Title:
Concrete Mulch
Kind Code:
A1


Abstract:
The present invention relates to concrete mulch and methods for making the same. The concrete mulch is made from crushed waste concrete, a colorant and a binder which colors the concrete pieces to look like natural mulch. The concrete mulch is available in a wide variety of shapes and sizes; however, it is preferred for the concrete mulch to look like natural rock, bark nuggets or natural mulch.



Inventors:
Flynn, Michael D. (Lawrenceville, GA, US)
Application Number:
12/338165
Publication Date:
01/07/2010
Filing Date:
12/18/2008
Primary Class:
Other Classes:
366/6
International Classes:
A01G13/00; B28C7/00
View Patent Images:
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20030126794Thermoplastic garden stakeJuly, 2003Wisniewski



Other References:
"Rio Salado Environmental Restoration Project", 12/01/2004, Southwest Contractor, v.66, p.41
John O'Connell, "Moody, not macho", 05/18/2001, TIMES (London, UK)
Robyn Willis, "Dig Deep-Special garden edition-Salvage garden", 05/11/2002, Daily Telegraph (Sydney, Australia), 1-state ed, p H01
David Randall, "A garden for the lad who has everything", 05/20/2001, The Independent, pg.4
Primary Examiner:
BARLOW, MONICA L
Attorney, Agent or Firm:
Brient IP Law, LLC (Roswell, GA, US)
Claims:
What is claimed is at least:

1. A material for use as landscaping mulch and ground cover comprising concrete pieces obtained from waste concrete, a colorant and a binder; wherein said material is sized, shaped and colored to imitate natural mulch pieces of natural rock aggregates or natural wood bark nuggets thus forming concrete mulch.

2. The material of claim 1 wherein said concrete pieces have a length ranging from about ⅛ inches to about 7 inches and a width ranging from about ⅛ inches to about 7 inches.

3. The material of claim 1 wherein said colorant is selected from the group consisting of iron oxide colorant, carbon black colorant and mixtures thereof.

4. The material of claim 1 wherein the colorant is present in an amount ranging from about 0.0025% to about 5% by weight of said concrete pieces.

5. The material of claim 1 wherein the colorant is present in an amount ranging from about 0.0025% to about 2% by weight of said concrete pieces.

6. The material of claim 1 wherein said binder is a polymer.

7. The material of claim 1 wherein said binder is a polyvinyl acetate.

8. The method of claim 1 wherein the amount of binder added is from about 0.0025% to about 5% by weight of said concrete pieces.

9. The method of claim 1 wherein the amount of binder added is from about 0.0025% to about 2% by weight of said concrete pieces.

10. A concrete mulch comprising concrete pieces have a length ranging from about ⅛ inches to about 7 inches and a width ranging from about ⅛ inches to about 7 inches; a colorant selected from the group consisting of iron oxide colorant, carbon black colorant and mixtures thereof; and a polyvinyl acetate binder.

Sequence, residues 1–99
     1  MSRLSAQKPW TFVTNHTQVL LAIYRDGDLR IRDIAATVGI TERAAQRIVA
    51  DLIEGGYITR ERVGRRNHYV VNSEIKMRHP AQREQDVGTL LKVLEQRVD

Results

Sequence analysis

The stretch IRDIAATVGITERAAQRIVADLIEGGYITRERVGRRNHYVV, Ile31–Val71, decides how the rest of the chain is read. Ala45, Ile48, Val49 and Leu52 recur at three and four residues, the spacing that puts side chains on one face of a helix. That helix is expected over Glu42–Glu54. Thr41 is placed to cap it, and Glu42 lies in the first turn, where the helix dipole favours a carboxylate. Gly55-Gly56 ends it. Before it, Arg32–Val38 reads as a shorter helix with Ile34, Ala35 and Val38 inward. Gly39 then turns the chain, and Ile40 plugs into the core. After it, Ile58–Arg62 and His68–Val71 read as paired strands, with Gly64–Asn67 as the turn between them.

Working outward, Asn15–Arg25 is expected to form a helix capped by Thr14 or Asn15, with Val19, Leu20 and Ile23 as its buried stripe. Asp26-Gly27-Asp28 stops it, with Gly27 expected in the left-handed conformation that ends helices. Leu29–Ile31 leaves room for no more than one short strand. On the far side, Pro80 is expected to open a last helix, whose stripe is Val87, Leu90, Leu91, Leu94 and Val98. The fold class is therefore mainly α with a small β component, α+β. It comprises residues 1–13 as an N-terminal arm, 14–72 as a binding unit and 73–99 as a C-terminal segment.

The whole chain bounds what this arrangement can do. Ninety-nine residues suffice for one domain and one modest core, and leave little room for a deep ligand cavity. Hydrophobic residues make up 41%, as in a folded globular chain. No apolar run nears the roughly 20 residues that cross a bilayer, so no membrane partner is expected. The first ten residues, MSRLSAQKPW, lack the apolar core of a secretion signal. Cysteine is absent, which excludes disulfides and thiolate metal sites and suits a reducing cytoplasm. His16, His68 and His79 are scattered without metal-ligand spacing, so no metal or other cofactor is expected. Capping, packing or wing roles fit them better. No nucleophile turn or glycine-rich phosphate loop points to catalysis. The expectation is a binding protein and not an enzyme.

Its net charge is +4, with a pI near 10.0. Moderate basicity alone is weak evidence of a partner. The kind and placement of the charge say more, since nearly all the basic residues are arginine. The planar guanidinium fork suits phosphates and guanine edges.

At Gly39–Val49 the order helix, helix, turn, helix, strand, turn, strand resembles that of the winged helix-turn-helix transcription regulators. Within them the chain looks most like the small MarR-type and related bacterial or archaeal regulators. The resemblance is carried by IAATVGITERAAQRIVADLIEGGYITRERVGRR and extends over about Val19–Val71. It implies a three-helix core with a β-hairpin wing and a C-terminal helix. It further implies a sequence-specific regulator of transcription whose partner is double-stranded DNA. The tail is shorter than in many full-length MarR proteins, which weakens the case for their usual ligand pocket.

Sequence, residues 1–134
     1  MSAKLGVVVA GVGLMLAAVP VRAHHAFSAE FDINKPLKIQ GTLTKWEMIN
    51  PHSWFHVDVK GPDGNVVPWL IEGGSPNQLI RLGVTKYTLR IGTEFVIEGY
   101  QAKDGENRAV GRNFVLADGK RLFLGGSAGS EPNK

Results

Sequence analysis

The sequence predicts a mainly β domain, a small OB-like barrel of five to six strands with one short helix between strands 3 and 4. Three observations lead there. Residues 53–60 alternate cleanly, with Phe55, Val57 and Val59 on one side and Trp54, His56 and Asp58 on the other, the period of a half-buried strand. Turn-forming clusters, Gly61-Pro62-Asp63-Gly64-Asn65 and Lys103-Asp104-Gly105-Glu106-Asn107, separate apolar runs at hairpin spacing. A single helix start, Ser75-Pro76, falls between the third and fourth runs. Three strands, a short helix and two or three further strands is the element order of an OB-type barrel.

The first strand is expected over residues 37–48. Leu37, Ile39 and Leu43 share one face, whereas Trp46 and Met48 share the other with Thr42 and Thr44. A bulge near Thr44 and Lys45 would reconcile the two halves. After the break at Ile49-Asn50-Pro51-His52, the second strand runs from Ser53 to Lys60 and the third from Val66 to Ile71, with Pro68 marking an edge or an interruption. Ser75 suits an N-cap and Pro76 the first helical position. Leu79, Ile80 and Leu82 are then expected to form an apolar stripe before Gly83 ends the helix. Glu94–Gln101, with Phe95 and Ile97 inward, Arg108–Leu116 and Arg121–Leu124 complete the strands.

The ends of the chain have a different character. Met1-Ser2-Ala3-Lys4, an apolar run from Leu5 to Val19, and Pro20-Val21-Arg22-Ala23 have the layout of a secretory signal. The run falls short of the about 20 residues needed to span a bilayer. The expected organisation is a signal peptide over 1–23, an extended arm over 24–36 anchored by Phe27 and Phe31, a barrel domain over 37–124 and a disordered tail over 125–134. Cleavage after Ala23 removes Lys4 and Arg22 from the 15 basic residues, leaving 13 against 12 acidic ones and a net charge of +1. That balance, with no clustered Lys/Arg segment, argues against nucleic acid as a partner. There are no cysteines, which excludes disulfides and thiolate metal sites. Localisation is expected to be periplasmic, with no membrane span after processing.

11. The concrete mulch of claim 10 wherein said concrete pieces are waste concrete.

12. A method of forming concrete mulch comprising the steps of: a) crushing an amount of concrete to form a plurality of concrete pieces ranging in size of from about ⅛ inch to about 7 inches, b) adding a colorant and a binder to said concrete pieces, and c) mixing said colorant and said binder with said concrete pieces to uniformly distribute the colorant onto said concrete pieces, and d) drying said colored concrete pieces to form a concrete mulch.

13. The method of claim 12 further comprising the step of obtaining the concrete from waste concrete.

14. The method of claim 12 wherein said colorant is selected from the group consisting of iron oxide colorant, carbon black colorant and mixtures thereof.

15. The method of claim 12 wherein the colorant is present in an amount ranging from about 0.0025% to about 5% by weight of said concrete pieces.

16. The method of claim 12 wherein the amount of colorant added is from about 0.0025% to about 2% by weight of said concrete pieces.

17. The material of claim 12 wherein said binder is a polymer.

18. The material of claim 12 wherein said binder is a polyvinyl acetate.

19. The method of claim 12 wherein the amount of binder added is from about 0.0025% to about 5% by weight of said concrete pieces.

20. The method of claim 12 wherein the amount of binder added is from about 0.0025% to about 2% by weight of said concrete pieces.

21. A method for using waste concrete to form a landscaping ground cover comprising the steps of crushing waste concrete to form a plurality of concrete pieces having an outer surface with a rock like texture and a length ranging between about ⅛ inches and about 7 inches and a width ranging between about ⅛ inches and about 7 inches, coloring said crushed concrete pieces with an amount of colorant and binder so as to form a plurality colored concrete pieces, and drying said plurality of colored concrete pieces to form a concrete mulch imitating natural mulch.